|Ft. Ticonderoga as seen from Mount Defiance|
En route to Ticonderoga, Arnold received a bit of discouraging news. He was to be joined by another commander, the famous Ethan Allen. Arnold would no longer be the Brigadier to his recruits but would be co-commander of any troops raised. In truth, Allen was more veteran in both experience and rank. Allen had been fighting for years in the Vermont-New York Grants war where Allen had lead the Green Mountain Boys, a crack unit of some of the harshest and crudest mountain-men patriots the fledgling US had to offer. These men had grown up in the back woods, making their living as trappers, hunters, loggers and farmers. They were used to the territory and most had weapons that had been tested in combat against the encroaching New Yorkers. They now served the US but more importantly, they served Allen.
|Flag of the Green Mountain Boys Militia|
To add insult to injury, Arnold, who had hoped to recruit 400 men, arrived with himself and two other men who had set out with him. They joined ranks with Allen and a little over 100 Green Mountain Militia. Allen became the default leader of the group and Arnold knew it.
After preliminary scouting, Allen found out that the fort was garrisoned by only a handful of troops whose powder had been ruined by the heavy rainfall and whose ammunition had dwindled to shockingly low levels. He was also able to gather inteligence that the British were to be reinforced any day by a force of unknown size. The time to act was upon them. he two leaders laid out plans to assault the fort. Arnold suggested a bold attack, but was quickly countermanded by Allen who dismissed Arnold's ideas as foolish and glory seeking. They settled on their best strategy, a sneak attack on the garrison at three points along the fort.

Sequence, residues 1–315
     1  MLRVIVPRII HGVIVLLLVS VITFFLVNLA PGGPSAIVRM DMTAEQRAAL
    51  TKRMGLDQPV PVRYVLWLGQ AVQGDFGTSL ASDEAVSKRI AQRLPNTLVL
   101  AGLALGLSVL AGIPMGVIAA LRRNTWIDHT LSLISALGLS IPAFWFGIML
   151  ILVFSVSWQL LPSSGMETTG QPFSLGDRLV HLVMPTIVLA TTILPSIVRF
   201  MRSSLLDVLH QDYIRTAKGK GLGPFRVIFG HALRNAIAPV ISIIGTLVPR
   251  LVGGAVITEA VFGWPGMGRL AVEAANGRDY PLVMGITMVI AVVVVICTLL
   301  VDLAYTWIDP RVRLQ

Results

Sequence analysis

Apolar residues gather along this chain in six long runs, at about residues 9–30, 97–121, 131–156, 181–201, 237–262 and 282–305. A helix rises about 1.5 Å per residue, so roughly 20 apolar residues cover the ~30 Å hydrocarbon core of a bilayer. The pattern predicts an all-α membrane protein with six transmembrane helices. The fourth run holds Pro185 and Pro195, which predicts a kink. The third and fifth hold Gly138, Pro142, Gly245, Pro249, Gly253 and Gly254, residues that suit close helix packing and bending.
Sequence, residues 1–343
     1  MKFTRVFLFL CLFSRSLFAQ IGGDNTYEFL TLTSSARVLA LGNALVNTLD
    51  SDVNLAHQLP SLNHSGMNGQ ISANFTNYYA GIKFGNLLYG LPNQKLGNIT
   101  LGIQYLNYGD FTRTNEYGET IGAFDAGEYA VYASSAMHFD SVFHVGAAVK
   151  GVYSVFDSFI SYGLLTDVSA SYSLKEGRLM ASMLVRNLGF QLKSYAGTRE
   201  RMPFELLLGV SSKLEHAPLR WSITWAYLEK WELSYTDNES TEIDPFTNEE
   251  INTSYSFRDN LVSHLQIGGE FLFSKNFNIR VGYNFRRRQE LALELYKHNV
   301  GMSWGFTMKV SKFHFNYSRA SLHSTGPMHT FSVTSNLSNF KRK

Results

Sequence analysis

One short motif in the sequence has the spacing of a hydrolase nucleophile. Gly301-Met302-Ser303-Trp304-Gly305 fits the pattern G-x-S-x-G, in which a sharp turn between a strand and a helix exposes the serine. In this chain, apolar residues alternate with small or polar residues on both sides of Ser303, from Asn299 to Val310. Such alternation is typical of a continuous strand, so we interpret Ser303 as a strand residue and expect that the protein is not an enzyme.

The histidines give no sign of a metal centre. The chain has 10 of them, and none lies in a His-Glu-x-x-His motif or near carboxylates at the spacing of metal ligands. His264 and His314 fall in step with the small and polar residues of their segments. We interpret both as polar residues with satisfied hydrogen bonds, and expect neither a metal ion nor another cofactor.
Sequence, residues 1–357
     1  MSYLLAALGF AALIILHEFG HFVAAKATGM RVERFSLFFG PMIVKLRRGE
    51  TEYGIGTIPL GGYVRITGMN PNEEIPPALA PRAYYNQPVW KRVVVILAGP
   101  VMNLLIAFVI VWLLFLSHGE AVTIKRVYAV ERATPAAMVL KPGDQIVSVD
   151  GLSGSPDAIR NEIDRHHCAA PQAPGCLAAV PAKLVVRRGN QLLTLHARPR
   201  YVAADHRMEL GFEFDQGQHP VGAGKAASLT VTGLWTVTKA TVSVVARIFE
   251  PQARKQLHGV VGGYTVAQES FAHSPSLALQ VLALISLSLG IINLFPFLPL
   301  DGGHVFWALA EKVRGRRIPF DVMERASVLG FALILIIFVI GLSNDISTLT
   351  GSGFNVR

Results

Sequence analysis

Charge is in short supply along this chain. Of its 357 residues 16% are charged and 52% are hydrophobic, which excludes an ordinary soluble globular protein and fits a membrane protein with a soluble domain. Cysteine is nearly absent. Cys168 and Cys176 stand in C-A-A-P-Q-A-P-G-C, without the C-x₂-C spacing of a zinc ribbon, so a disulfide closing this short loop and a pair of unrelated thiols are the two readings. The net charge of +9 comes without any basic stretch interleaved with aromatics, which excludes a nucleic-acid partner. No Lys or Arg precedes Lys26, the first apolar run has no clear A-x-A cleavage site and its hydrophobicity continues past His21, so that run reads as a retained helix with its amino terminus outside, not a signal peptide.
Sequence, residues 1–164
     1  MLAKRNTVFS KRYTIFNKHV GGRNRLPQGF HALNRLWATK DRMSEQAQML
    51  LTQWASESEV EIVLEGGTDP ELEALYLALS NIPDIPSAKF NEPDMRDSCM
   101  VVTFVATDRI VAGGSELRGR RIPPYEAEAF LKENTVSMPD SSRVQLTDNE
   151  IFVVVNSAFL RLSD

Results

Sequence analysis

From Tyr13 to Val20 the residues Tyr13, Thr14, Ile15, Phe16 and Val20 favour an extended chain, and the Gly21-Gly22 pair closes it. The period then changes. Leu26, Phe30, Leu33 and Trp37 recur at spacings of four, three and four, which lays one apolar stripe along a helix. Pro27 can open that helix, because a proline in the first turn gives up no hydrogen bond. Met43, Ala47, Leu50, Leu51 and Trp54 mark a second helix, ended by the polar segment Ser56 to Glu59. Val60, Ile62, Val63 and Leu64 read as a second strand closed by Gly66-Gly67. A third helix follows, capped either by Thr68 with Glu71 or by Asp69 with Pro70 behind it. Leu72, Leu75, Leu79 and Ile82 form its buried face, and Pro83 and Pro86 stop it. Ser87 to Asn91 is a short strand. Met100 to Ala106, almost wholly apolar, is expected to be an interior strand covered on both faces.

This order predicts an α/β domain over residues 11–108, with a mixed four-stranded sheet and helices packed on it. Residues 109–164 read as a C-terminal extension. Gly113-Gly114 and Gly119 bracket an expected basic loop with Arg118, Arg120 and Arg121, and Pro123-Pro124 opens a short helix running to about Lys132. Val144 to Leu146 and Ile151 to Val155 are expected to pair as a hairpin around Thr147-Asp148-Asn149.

|Modern view of Ticonderoga|
Within minutes the fort had been taken without a shot fired. The only recorded casualty was a slight wound suffered by an american who had tried to wrest a rifle from one of the sentries on guard duty. Quickly the fort filled with over 400 men who began looting and pilfering anything that was not bolted down. Arnold tried to stop it all and when he saw that he could not, he retired to the captain's quarters and began to write his action report. Allen, who was now seeing to the transportation of the over 30 artillery pieces entered the quarters and inquired as to the nature of the document at which Arnold was feverishly writing. When the reply came that it was an action report, Allen snatched the page, glanced over it and burned it in the fireplace declaring that it was his right, as commanding officer to detail the actions of the day. It is no doubt then, to see why Allen was hailed as the hero of Ticonderoga and Arnold was largely marginalized in the dispatches back to Congress.
This would not be the last time Arnold would be snubbed where credit was due.